However, shortly after their arrival at the hotel as they were just beginning to settle in, the detective investigating our in-home robbery called my mom with the news that the two male punks who worked for us were now both in jail!  (Here she goes again getting sucked back into the harsh realities of her life…)  Following a lead that one of them had sold a huge batch of jewelry to a local pawn shop last month, the detective arrived at the pawn shop to interview the owner – and IN walked one of the guys with more jewelry to pawn!!!  BUSTED!  His roommate was sleeping in the car outside and they both were led away in cuffs!

The upsetting news (besides confirming that these boys had smiled and hugged us daily all the while robbing us under our noses!) was that ALL of our family jewelry was melted down!  The pawn shop owner waited the legal wait period of a mere nine days, then popped out the stones and melted down every last love token of my parents from their 50 years together.

To add insult to injury, the boys got barely ANYTHING for the exchange!  Honest to God, had they just ASKED us for money, I’m sure we would have given them more than that just from the good of our heart!  But, instead, they chose to do THIS TO US???  It makes you want to vomit.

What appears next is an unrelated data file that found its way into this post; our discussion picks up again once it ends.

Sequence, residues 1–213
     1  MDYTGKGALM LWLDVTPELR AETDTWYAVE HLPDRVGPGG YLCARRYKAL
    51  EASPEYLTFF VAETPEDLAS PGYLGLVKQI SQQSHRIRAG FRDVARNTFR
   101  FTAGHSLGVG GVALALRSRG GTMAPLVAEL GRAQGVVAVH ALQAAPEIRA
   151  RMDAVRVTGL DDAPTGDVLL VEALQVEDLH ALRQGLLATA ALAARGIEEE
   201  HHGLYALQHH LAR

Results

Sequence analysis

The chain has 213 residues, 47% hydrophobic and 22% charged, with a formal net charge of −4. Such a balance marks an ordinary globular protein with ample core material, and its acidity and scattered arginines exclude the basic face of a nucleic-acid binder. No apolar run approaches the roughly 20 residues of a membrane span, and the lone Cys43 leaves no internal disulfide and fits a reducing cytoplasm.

Refusing to leave it there and wanting to warn other families about the potential pitfalls of allowing hired help into your home, I called WDIV (the Detroit NBC affiliate where I used to work as Associate Director) and offered them exclusive coverage of the story – and they said we’d be the lead story at six o’clock!  With my mom in a massage and unreachable, I raced and managed to get the news crew in my parents’ home to tape my interview and meet my father, all before she arrived back home!

(­Click here to watch the WDIV coverage of our story.  NOTE: then scroll down below the video screen, click on the box that reads “Search All Videos” and type Alzheimers, then change “Today” in the next box to “Last 30 Days”, and click on the photo of my parents with the caption “2 Men Accused Of Robbing Alzheimer’s Patient”)